It always pisses me off when I spend concentrated time on a book that ends up wasting my time. So when I created my own books, I wanted them to be extremely short and to the point. Basically no longer than they needed to be.

My goal was to quickly install the information in the reader and let them get on with their lives.

My first book was directly modeled on Kamal Ravikant’s book Love Yourself Like Your Life Depends On It.

I had met Kamal, and heard he published this book for free originally in an email, but then friends encouraged him to make it into a short book. He self published it on Amazon and by word of mouth became a hit success and sold many thousands of copies!

I bought the book, which at the time was under 10 bucks, and read it in one 30 minute sitting.

I thought for the money I paid the message was nice, and I very much liked the size and length of the book.

It was 6 inches X 9 inches big, and around 50 pages long.

Sure enough, I exactly modeled my first book after his:

I really liked that format, so once again I decided to self publish a 6″ X 9″ book. It’s almost more like a pamphlet 😂

 

Of course thinking of a title and cover is a big part of making a book, and almost instantly I titled it “You’re Gonna Die.”

I tried coming up with a few more titles, but I just loved that one.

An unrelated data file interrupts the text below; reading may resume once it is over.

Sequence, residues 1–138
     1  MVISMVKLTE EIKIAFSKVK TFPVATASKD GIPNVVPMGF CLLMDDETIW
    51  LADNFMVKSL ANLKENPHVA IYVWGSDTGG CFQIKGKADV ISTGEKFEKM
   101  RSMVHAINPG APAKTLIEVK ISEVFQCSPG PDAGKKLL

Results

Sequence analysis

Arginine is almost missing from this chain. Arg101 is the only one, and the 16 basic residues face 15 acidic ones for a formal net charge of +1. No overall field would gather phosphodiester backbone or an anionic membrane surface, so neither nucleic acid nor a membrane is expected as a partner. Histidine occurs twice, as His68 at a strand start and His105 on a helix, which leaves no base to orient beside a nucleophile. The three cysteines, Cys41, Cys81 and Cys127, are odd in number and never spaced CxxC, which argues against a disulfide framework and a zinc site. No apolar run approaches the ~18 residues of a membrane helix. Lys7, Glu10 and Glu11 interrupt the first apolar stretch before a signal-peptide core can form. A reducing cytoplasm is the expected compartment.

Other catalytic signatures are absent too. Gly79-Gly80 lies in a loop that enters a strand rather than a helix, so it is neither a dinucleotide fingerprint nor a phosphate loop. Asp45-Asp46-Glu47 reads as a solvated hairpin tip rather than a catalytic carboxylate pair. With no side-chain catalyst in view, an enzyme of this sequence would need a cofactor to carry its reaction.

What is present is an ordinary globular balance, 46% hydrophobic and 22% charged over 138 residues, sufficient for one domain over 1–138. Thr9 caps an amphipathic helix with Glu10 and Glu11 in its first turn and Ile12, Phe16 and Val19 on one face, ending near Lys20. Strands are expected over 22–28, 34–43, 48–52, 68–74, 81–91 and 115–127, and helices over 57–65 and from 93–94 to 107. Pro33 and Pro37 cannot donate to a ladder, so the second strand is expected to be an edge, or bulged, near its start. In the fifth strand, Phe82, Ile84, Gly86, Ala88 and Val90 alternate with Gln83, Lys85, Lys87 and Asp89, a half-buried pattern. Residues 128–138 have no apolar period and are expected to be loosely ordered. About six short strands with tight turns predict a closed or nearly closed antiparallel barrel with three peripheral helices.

As I was writing the book, I made a ghetto version of the cover in Google Docs like this:

google docs book cover

This was just plain text and a Google Drawing I made of a person lying in a coffin.

This was supposed to be a temporary mockup as I got a better cover made, but ultimately I started liking the way it looked!

So both the front cover and back cover were made directly in Google Drawings:

As I was writing this book I wanted to try and keep almost the entire production inside of Google Docs, so I’m glad the cover was able to come out OK even though I was using very simple image software inside Google Docs (You can see all my top Google Docs tricks for writers here).

 

 

Now formatting a book has a few simple yet weird elements you’ve gotta consider:

  • Starting and end points of pages.
  • Table of contents placement.
  • Book page numbers.

You can totally do this yourself, but I’m personally a gigantic fan of Fiverr for accomplishing small goals like this.

So for formatting the book properly for Kindle and Print versions, I used two different people from Fiverr:

I used this gig for the Kindle version ($10).
I used this gig for the Print version ($5).

All I did was send each of those freelancers the Google Doc link to my book, and also did a File –> Download As .docx and sent them that file also.

A day later I got both of the documents back, perfectly formatted and ready for upload!